Sometimes smaller footprint stores perform better than the 200,000-square-foot behemoth. Why?

In a smaller, say 45,000-square-foot space, retailers have be more judicious in product selection. It requires them to really know their customers' tastes—a rifle versus shotgun approach, let’s say.

Circle Furniture’s stores fit that smaller category in terms of footprint.

“We tend to use a broader range of bold color than most stores and we are known for our floors using color,” Burns said. “Of course, not everyone can relate, as they would prefer a neutral pallet, as it is easier to envision it in their home.

“We have really terrific designers who will work with the customer and create a beautiful room in the customers vision.”

Stacy Furniture & Design has two 90,000-plus-square-foot stores, along with a 42,000-square-foot location. The latter has a distinct merchandising scheme.

“Our strategy there has been flooring our best-sellers for the most part, but we rotate items in and out faster” than in the larger locations, Sims said. “That floor space is too valuable to leave product out a long time for testing.”



Making a major vendor change in categories you floor is a challenge when it comes to merchandising. Beyond the training and advertising issues involved, re-structuring the showroom floor can make for headaches.

Circle Furniture is pretty lucky in that regard, Burns said.

“It is a major undertaking to add a new upholstery vendor because of all the fabric samples,” she said. “We are very fortunate right now that we have some great vendor partners, and we don’t need to add another vendor today. We would have to have a very specific need to add a major vendor today.”

At Stacy Furniture, Sims said they have a predicament when it comes to flooring new vendors.

“In the bigger stores, what works for me in bringing in a new vendor is going big,” Sims said. “If I haven’t dedicated six or eight new slots, it’s not a compelling enough opportunity for (customers) to learn more.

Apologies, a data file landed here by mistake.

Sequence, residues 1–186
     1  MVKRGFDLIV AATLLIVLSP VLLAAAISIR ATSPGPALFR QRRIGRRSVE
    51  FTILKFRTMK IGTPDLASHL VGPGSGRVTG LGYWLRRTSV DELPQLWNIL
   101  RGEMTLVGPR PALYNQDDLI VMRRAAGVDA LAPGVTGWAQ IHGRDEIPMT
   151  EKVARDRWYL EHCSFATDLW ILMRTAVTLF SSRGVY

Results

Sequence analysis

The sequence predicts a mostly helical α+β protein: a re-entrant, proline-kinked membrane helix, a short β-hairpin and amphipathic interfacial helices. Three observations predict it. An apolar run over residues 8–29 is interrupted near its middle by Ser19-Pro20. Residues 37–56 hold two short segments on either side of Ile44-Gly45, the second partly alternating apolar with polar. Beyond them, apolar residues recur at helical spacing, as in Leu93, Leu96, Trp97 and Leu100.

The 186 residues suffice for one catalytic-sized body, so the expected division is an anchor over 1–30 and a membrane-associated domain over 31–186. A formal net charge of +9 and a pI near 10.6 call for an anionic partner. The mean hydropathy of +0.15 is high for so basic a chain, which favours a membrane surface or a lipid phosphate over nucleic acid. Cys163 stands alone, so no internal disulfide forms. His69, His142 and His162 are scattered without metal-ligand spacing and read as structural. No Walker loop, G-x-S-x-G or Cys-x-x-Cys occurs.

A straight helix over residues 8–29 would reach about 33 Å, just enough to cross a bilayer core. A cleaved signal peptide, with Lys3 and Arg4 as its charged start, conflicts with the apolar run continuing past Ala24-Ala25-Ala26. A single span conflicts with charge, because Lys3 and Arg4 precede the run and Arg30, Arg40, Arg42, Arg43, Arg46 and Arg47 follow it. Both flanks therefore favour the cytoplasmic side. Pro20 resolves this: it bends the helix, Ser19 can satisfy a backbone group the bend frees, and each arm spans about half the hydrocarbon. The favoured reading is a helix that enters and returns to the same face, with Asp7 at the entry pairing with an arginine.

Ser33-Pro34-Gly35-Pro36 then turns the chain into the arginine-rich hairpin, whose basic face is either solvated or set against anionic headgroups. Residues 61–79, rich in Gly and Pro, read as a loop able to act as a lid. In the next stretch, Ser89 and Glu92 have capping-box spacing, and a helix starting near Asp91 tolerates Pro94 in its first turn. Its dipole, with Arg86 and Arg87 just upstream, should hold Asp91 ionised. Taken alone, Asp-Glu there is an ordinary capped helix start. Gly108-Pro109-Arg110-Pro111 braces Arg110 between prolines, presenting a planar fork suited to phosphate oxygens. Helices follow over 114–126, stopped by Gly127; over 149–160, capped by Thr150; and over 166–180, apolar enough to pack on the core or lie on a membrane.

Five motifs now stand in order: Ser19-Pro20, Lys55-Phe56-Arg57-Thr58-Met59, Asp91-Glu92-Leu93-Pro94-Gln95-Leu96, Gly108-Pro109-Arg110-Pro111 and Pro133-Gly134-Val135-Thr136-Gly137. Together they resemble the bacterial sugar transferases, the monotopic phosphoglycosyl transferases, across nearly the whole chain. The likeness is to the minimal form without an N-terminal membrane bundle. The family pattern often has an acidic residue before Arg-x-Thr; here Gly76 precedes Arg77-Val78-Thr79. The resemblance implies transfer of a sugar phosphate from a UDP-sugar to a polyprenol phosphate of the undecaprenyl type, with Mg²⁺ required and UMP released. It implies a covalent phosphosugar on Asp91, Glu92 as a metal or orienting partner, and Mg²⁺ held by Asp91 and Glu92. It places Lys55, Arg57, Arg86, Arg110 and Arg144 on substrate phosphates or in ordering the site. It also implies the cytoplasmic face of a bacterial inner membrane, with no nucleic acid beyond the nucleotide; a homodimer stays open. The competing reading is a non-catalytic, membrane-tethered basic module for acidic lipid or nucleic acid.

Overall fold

“And the larger the launch, it shows my commitment to the manufacturer. A lot of people cherry pick lines, and when I go big, I would hope that would help us when distribution issues come up. If I do it the right way, I should have a little more protection.”

She added that the cost of an unsuccessful buy seems much greater these days, especially when business is inconsistent.

“When I launch, I want to give it every opportunity to be successful from the beginning,” Sims said.

Smaller dealers should make the decision to stand for something as opposed to try being all things to every customer, said retail design specialist Connie Post of Connie Post International.

“By this I mean look at where the most return business is, and use more floor space to have a good selection to appear dominant in that category,” she said.



What are retailers doing to improve sales per square foot when it comes to merchandising, especially when they don’t have as much square footage to work with than big boxes?

It’s not rocket science: Look at product turns.

“We have very small footprints so it is important that what is on our floors is selling and earning the rent,” said Circle’s Burns. “If something isn’t working out we will take it our fairly quickly and try something new. We are constantly trying to ferret out the new best seller. We pay close attention to what customers are asking for should there be a need we cannot meet.”